Sign that racism is dead? Not!

I was frankly quite astonished when listening to the post-election discussion about how the election of Barack Obama was a sign that racism in the U.S. had been overcome.  In fact, the discussion about racism through the entire campaign was laughable for how shallow and dismissive it was.  The Evangelical Lutheran Church in America, among others, now emphasize the reality of “white privilege” when discussing racism.  In a nutshell, “white privilege” means attitudes and structures in society which give privilege to whites and disadvantage persons of color.

I’d suggest that behind the increase of traditionally understood racist behaviors since the election of Obama is a reaction to his election to an office of privilege.  Comments during the campaign about Obama making the White House a “black house”, or filling the cabinet of his new administration with African Americans is reflective of this “violation of privilege”.  It’s not unlike the reaction within thousands of neighborhoods and “private clubs” when people of color began to move in.

Is all the reaction to Obama’s election racist?  Not entirely.  Although some clergy are saying that Americans have gone against God’s will in electing Obama, they focus primarilly on the matter of abortion.  Having said that, I don’t recall the same venom being used when white “pro-abortion” officials are elected.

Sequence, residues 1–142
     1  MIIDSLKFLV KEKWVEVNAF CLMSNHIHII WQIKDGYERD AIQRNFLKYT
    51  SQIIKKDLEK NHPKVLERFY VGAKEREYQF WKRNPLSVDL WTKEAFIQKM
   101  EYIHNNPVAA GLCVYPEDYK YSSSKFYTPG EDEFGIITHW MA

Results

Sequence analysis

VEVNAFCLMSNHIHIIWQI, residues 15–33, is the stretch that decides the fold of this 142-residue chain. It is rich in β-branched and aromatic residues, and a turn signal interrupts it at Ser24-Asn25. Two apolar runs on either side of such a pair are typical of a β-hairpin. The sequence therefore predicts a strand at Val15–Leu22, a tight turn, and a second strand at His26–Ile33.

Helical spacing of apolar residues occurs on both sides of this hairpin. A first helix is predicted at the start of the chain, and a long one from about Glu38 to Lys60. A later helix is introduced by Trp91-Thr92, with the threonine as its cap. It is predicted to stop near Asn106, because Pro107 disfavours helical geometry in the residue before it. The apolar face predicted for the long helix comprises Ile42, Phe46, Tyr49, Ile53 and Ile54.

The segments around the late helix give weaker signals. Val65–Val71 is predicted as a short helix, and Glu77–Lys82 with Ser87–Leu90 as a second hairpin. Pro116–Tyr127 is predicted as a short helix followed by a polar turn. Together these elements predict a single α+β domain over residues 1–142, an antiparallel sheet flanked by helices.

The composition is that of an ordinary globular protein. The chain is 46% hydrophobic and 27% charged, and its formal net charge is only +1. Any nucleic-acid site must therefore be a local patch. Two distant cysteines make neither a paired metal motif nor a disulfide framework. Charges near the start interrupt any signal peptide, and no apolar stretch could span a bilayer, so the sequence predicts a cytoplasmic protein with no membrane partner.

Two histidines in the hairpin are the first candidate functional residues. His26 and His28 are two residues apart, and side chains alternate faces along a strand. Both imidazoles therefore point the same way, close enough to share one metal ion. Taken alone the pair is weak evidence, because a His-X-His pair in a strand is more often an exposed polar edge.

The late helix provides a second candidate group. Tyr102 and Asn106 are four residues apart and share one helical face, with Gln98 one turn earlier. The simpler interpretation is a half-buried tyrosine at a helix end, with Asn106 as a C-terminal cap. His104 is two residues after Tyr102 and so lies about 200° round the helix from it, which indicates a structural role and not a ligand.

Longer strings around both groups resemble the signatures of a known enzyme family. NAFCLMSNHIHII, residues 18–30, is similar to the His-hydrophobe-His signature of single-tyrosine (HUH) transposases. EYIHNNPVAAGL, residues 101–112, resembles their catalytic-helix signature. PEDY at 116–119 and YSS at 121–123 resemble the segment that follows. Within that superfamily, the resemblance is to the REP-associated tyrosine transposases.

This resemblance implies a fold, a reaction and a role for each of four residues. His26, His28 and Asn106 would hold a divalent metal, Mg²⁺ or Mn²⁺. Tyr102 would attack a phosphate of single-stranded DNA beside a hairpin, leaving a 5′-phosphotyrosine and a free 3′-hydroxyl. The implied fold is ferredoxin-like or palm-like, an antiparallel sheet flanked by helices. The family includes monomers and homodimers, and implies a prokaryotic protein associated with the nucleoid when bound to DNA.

Now is the time for decent citizens to not allow the overt racist comments and attitudes to prevail.  I believe that Christians need to be clear that racism is not something we accept … whether overt or the more normative “white privilege”.

Pondering Pastor


2 responses to “Sign that racism is dead? Not!

  1. It seems to me people need to spout off their fears until they are confronted with the realty that Obama by most peoples standards is pretty conservative. I think the greatest fear racists have is that they may be confronted with the fact that they bought into a bogus storyline about blacks in this country. If Obama tends to have a cabinet that reflects the majority of the country and thinks in a way that is comfortable and reflective of the white majority, then it may leave those who fear him, wondering about the people who taught them to fear blacks in the first place.

  2. Conservative in what regard?

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